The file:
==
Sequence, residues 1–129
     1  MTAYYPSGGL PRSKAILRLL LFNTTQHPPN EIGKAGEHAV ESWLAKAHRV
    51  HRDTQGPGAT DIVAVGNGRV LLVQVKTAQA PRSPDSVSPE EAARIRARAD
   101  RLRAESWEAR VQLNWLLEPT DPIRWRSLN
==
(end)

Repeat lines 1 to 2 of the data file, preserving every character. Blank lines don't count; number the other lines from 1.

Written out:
Sequence, residues 1–129
     1  MTAYYPSGGL PRSKAILRLL LFNTTQHPPN EIGKAGEHAV ESWLAKAHRV